The free gift is the free gift of righteousness.  So the point is that justification is based on something.  It’s not a legal fiction.  It’s a declaration of righteousness based on the free gift of righteousness given to you by grace and received by faith.  This is an awesome liberating truth that should give you great assurance and confidence before God.  You really are righteous before God.  Your faith may be strong today and weak tomorrow.  Your progressive sanctification will have its peaks and valleys.  But there is no waxing and waning of your righteousness before God.  For you are clothed in the perfect righteousness of Christ to which you can never add and from which you can never subtract.  Exult in that and your heart will sing as you get up and run out of the valley of worldly wanderlust and confidently draw near to God again.

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6 Comments leave one →
  1. August 16, 2006 8:22 pm

    is this thing on?

  2. Ellie permalink
    August 16, 2006 9:49 pm

    We all got up and ran out of the valley, with our hearts singing… :P

    It is nearly impossible to talk and listen and the same time. Therefore, we are all keeping our mouths shut so that we may better keep our ears inclined towards what you are saying. I believe this is a compliment from us.

    Amen, to everything you have said, and thanks.

    This is sort of unrelated, but could you post something about your song “Beloved Son”? I sort of have it going round in my head, but can’t quite recall all of it. It is a good song.

  3. August 17, 2006 7:01 pm

    Makes sense, except the part, “given by grace, received by faith”. Can you elaborate a little on the word “receive”, because I’ve always thrown that around, but until now, never questioned my understanding of the word “received”. It sounds like justification is passive rather than active. If this is the case, what would active justification look like? Or maybe I should pay attention more during your sermons.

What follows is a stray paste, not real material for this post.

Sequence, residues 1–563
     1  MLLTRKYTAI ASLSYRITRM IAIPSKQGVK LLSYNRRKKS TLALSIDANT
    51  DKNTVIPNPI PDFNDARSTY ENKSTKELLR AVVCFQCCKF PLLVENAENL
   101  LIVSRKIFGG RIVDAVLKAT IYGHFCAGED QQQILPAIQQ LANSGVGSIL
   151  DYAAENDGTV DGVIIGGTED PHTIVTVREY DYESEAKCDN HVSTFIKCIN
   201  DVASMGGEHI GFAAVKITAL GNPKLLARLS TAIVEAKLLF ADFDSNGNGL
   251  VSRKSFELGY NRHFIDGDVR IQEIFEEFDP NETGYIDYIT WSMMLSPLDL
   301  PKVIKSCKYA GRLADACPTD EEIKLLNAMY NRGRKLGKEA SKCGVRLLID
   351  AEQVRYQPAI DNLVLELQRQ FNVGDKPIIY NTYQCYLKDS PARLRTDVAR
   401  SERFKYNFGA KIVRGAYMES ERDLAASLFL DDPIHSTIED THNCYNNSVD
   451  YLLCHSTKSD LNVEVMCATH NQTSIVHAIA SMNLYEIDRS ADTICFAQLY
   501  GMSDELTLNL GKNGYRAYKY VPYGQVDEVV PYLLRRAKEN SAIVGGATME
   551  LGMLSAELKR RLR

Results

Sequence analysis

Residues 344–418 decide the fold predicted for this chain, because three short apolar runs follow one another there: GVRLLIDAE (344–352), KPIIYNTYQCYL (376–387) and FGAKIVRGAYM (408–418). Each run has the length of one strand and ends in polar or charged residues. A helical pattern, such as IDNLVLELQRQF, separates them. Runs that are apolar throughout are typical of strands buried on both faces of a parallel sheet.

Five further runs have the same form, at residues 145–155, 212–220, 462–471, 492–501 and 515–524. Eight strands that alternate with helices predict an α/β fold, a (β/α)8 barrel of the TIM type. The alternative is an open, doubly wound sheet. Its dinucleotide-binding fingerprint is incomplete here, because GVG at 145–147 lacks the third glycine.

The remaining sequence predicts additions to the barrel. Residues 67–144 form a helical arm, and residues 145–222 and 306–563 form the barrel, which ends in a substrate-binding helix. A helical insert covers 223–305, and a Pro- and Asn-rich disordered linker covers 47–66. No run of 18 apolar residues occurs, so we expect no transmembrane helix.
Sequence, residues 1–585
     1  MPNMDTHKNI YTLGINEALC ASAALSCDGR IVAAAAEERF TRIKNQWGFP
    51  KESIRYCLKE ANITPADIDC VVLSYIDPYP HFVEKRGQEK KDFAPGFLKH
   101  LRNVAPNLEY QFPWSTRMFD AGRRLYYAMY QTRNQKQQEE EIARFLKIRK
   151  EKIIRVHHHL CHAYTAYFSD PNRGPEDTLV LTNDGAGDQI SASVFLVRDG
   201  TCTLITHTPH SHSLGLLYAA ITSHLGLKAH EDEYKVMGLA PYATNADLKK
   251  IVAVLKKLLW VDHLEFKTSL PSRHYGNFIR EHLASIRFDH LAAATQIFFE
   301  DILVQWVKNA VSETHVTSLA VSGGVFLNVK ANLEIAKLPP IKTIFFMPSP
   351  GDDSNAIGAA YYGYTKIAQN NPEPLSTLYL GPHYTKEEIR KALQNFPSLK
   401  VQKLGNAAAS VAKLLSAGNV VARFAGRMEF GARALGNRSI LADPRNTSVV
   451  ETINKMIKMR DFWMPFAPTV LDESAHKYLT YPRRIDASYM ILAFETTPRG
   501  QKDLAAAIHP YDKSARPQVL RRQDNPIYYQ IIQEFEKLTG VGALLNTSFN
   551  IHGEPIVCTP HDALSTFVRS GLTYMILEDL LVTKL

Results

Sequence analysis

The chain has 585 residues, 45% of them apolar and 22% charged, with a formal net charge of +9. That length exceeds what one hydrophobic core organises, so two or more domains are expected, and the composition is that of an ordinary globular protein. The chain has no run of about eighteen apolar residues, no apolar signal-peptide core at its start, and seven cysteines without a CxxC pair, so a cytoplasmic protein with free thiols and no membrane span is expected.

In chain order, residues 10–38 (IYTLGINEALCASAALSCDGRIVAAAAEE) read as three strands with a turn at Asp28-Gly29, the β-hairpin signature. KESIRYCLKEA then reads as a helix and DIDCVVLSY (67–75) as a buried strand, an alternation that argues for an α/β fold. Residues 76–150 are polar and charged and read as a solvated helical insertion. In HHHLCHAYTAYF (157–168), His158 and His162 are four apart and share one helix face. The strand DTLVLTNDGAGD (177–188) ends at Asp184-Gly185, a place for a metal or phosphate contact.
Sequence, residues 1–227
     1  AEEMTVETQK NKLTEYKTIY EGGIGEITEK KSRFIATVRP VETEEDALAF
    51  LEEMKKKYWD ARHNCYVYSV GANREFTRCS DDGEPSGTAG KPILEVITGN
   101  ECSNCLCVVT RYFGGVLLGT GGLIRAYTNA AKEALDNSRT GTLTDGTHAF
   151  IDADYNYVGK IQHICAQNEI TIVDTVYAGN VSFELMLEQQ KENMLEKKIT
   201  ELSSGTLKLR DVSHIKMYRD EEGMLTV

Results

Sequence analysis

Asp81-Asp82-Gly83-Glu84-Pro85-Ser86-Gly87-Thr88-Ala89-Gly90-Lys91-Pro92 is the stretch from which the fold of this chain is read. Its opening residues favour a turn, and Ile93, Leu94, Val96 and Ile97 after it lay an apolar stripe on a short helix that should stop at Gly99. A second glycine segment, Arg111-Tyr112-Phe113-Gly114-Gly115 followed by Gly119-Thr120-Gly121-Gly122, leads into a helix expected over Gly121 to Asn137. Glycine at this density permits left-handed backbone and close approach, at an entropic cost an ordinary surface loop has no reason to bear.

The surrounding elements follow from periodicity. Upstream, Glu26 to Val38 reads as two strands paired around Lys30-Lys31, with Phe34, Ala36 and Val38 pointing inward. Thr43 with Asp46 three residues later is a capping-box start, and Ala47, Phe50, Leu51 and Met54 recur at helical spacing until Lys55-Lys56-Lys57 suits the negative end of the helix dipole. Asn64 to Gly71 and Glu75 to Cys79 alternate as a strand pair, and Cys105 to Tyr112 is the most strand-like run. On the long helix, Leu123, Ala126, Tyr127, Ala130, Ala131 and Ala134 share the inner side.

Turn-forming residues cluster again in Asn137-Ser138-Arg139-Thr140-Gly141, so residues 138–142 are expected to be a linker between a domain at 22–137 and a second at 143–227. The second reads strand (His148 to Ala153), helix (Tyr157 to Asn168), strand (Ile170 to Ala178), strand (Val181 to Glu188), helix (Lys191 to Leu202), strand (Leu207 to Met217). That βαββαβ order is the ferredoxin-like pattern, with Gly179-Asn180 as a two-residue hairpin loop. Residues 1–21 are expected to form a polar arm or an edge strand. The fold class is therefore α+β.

What keeps someone from saying, “Well, if you have to receive justification by faith, then you’re still doing something to be justified. There is something that the person does. God isn’t 100% in the equation.”

  4. August 17, 2006 10:22 pm

    The way to keep from thinking of our faith as another kind of work in which we can boast is to see that our faith itself is a gift from God. (Ep 2:5-10) Before we are regenerated by God’s sovereign grace we are dead in our trespasses and sins, unable to believe or submit to God (Rom 8:7) Then God opens our eyes to see and our minds to understand and our hearts to receive. (John 1:12-13, emphasis on the 13). But it is still correct to say that we do the receiving, we just do it because God’s irresistible grace has given us the ability to receive. Note: irresistible grace doesn’t mean we don’t resist grace. We all do. It means God’s grace is able to overcome our resistance.

  5. Oddball permalink
    August 18, 2006 9:52 am

    Sidestepping the centuries-old debate over irresistible grace, I would just ask, “How can anyone boast about receiving a gift, especially to the giver?” This absurdity is compounded by the fact that the recipient is already hopelessly indebted to the giver before receiving the gift.

  6. August 18, 2006 10:29 am

    we are indebted to the giver even before we receive the gift. he made us, sustained us, restrained us, effectually called us, regenerated us, opened our eyes, and then gave us the gift of justifying righteousness.

    And if I receive the gift but you smack it out of his hands and punch him in the face, it’s pretty easy for me to boast over you unless I attribute my receiving to God’s work in my heart.

    But, oddball, we’ve debated calvinism for 15 years, let’s not do it on the blog. We gotta take it outside man!

    I was thinking of maybe doing a post next week that would be Q&A on Calvinism. that comment thread would be a place for clarifying questions and answers, but I’d shut it down if it turned into a debate.